Thanks all for the interest. Has it not been previously modelled and simulated that those certain breakpoints so exist, thus the soft haste cap of 400 (till ~900)? Where 900 is infeasible and 400 is quite easy to attain, thus above 400 haste
should be 0 for single target evaluation. I realize this is a kludge for realtime calculations. If you're already equipped with 600 haste, then that 42 haste on that item IS worth nothing to your dps. How are Stats vs Relative Stats used
in Rawr gear calculations? I notice that Haste often floats in "relative stat values" up below spellpower and int, while Haste is 0 in the "stat values" list.
Do there exist Discussions or a document explaining the algorithm as implemented for the gear comparison calculations?




Kavan wrote:
It's a complex problem. There are ways to solve it but solving the exact solution is not exactly feasible for realtime comparisons. It's doable with a few short cooldowns, but as things become more comples you have to resort to approximations. The problem
is when you're solving for optimal play on approximation, but then try to apply that solution to a more complex model. That's when you'll get the issues as described here where the play that is optimal on approximation will result in suboptimal play on
the more complex model. My personal opinion for gear comparisons the results are best when you're using the same approximation model for comparisons as you're using for solving ability selection. If the two are not the same then issues such as this are not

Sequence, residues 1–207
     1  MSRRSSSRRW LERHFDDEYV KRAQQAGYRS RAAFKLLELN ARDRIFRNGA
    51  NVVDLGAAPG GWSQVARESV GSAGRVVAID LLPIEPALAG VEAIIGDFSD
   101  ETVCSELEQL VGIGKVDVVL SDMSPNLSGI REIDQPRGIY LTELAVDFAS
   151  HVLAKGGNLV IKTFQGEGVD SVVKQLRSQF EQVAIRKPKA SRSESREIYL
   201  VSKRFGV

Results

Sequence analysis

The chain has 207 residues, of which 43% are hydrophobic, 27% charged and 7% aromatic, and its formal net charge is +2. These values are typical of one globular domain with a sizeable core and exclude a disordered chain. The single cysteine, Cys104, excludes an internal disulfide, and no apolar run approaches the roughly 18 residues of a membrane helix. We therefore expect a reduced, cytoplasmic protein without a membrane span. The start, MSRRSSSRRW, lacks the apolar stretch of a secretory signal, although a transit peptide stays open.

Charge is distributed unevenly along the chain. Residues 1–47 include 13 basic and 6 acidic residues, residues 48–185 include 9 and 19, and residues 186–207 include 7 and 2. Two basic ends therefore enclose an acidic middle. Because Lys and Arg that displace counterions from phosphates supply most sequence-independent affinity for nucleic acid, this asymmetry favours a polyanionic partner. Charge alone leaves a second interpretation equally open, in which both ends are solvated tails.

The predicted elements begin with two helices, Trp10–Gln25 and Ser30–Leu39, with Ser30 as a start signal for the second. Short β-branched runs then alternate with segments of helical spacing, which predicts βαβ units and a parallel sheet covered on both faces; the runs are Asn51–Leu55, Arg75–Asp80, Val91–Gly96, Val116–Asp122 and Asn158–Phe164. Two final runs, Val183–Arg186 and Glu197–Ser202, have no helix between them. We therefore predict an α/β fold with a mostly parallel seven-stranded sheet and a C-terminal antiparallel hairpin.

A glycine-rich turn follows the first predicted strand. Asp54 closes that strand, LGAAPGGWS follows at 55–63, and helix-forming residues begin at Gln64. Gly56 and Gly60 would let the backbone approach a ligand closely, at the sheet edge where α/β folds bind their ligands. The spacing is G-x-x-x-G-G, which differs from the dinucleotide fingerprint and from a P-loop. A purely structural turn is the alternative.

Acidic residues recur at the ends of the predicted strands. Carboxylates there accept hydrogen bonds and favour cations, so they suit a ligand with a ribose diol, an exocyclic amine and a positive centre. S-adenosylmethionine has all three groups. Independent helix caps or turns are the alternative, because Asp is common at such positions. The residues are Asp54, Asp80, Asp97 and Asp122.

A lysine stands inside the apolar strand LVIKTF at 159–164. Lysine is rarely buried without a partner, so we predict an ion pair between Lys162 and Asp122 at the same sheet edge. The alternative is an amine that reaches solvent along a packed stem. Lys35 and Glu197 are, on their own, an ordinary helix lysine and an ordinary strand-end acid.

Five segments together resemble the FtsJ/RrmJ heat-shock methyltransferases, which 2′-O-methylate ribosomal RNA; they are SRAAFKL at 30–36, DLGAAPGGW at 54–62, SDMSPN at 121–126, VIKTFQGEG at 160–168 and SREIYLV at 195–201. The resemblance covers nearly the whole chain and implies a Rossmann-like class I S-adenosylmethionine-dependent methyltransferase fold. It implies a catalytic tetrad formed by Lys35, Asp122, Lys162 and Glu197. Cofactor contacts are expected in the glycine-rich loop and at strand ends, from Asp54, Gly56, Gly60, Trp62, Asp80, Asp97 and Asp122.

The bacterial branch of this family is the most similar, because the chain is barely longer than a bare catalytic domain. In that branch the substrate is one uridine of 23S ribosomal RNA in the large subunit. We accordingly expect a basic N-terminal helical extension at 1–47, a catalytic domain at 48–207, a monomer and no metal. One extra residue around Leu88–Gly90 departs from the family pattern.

avoidable in general.
Let's try. To review, Haste introduces scheduling variations in the "rotation" (emphasis: spriest meaning). As haste increases linearly, the perfect rotations that result are not proportional. 550 haste rotation might be lower
dps than 450 haste rotation. We know this. Also, I'm assuming that gear comparisons are done based on how valuaable each displayed item is versus our equipped stats and options. Knowing this, could we, at some time after the Options and Buffs are set,
and before gear comparisons are done, model a table of "relative dps" at all values of haste 0 to nnn (something ridiculous in 3.2.x like 1200), and arbitrary values for sp, int, mp5, etc? This table would have points where dps(haste) >
dps(haste+1). Those haste values would be of limited count, maybe producing 45 values of haste above which an item's haste is worth 0 to dps, until the next point. Would it be feasible to realtime compare against 45 values?